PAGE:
When the going gets tough for Kim Jong Un, his regime likes to turn its TV cameras on the military, with glossy productions showcasing the missiles and manpower that North Korea tells the masses are protecting the nation.
Since taking power a decade ago, Kim has brought new looks to state television, including drone footage, computer graphics, music video-style cuts and made-for-TV moments. This has helped him rally support for the state as it battles chronic food shortages and an anemic economy made even weaker by international sanctions imposed as punishment for testing nuclear bombs and missiles, some potentially capable of striking America and its allies.
In his most recent state TV spectacle, for a weapons test on March 24, Kim is seen in dark sunglasses and a black leather jacket apparently ordering his army — in slow motion — to fire an intercontinental ballistic missile. This was released eight days after a failed ballistic missile launch near Pyongyang’s international airport. South Korea said the North doctored the video to blend these two launches into one seemingly successful test for propaganda purposes.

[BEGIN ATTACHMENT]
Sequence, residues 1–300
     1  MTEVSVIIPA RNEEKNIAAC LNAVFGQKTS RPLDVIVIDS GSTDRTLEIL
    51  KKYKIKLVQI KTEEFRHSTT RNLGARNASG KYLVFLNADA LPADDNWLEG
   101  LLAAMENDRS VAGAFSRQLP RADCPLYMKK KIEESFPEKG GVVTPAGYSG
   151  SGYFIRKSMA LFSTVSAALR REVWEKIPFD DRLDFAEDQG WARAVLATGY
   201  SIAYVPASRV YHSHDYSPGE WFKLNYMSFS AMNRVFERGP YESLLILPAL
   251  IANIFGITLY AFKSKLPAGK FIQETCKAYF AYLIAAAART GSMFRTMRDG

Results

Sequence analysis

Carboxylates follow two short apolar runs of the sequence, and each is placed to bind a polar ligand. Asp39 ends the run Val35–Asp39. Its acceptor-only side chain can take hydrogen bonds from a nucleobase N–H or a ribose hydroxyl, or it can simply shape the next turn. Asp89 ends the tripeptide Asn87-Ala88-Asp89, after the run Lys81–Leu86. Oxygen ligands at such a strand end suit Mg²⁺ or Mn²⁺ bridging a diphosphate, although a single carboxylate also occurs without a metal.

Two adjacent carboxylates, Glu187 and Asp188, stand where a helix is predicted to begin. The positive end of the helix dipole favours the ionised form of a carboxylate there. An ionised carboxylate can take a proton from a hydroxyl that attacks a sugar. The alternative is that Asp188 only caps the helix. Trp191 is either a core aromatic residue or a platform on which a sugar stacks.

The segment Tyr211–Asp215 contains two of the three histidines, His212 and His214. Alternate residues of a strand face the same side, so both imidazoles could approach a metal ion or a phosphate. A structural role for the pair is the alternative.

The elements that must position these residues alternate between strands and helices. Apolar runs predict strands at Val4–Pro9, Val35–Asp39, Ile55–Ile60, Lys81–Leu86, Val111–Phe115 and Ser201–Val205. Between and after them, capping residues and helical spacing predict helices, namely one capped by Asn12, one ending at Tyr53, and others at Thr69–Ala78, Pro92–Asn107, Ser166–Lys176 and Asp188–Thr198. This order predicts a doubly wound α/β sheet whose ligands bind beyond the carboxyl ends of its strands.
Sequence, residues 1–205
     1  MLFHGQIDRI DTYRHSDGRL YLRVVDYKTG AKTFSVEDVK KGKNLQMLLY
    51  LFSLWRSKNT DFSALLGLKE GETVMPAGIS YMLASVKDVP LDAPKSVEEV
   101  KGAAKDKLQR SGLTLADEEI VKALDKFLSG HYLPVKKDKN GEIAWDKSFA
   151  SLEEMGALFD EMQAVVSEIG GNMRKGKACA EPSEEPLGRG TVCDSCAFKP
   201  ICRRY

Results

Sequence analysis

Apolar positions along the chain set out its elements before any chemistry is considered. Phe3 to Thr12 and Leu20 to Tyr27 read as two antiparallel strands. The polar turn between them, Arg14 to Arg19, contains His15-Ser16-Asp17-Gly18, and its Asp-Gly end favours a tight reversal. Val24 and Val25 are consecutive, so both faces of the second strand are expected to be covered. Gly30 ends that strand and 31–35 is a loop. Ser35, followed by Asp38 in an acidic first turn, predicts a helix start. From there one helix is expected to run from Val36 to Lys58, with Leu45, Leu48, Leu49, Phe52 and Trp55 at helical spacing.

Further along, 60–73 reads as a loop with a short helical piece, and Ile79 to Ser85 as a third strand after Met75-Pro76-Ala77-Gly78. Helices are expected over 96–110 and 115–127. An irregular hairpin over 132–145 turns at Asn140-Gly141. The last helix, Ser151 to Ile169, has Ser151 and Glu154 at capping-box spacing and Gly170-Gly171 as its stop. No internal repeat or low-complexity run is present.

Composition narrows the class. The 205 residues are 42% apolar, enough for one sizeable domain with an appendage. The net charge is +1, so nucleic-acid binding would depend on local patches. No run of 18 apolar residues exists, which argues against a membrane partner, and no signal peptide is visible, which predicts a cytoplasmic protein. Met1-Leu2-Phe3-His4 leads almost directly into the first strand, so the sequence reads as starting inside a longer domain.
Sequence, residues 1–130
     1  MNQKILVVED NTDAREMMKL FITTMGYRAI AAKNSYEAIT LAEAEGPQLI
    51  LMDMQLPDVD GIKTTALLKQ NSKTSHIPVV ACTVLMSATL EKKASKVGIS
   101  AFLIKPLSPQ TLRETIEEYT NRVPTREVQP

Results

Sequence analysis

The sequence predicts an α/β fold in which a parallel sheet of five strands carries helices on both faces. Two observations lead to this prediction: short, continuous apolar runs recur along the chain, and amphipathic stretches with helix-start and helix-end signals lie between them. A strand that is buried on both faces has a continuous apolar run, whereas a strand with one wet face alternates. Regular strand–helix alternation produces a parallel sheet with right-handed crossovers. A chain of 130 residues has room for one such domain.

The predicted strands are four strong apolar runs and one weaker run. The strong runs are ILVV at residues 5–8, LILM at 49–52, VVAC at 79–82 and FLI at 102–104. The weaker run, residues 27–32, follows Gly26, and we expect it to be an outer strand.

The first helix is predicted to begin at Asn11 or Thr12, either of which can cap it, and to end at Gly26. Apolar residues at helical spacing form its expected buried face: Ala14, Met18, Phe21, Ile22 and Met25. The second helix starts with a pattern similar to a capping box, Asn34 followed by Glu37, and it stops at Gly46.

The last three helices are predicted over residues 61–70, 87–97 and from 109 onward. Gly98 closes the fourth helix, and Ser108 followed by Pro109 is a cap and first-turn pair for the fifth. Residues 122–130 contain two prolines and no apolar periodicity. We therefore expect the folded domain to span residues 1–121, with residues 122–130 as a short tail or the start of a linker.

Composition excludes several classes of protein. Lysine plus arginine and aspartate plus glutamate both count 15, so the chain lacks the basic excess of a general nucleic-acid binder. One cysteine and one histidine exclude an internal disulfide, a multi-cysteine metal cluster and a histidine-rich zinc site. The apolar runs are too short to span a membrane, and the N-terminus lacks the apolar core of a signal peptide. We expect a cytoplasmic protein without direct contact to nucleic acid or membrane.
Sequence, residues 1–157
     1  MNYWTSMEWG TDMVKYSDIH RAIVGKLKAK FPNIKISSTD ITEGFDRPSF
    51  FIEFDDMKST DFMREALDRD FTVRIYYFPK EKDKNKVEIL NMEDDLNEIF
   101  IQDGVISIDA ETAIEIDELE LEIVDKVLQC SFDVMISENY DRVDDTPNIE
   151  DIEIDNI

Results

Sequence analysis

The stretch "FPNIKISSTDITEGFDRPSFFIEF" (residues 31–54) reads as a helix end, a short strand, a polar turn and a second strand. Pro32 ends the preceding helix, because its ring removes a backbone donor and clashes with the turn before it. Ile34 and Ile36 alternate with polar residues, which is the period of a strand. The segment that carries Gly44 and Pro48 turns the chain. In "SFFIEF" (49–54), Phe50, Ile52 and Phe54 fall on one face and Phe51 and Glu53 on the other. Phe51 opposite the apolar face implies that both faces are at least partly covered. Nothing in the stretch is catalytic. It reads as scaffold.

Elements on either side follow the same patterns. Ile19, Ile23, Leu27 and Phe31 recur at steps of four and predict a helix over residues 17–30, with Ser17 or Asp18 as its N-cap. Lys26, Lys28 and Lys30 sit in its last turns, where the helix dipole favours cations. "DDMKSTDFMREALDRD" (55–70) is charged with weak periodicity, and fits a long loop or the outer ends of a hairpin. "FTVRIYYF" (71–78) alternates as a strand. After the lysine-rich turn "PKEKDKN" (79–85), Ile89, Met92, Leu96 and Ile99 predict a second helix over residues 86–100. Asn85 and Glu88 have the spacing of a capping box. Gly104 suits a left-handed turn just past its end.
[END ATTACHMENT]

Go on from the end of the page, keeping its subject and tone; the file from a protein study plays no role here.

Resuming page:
Kim’s propaganda machine is likely gearing up for more headline events later this month, including a possible military parade for the anniversary of the founding of its army on April 25. Military parades have previously been occasions to show off hardware to attack America’s allies in Asia and the U.S. mainland. Experts also warn that the state could conduct its first nuclear-bomb test since 2017.
“Slick videos like the ICBM test footage translate into the credibility of the information it portrays,” said Kang Mi-jin, a North Korean defector who runs a company in South Korea that tracks the economy of her former home.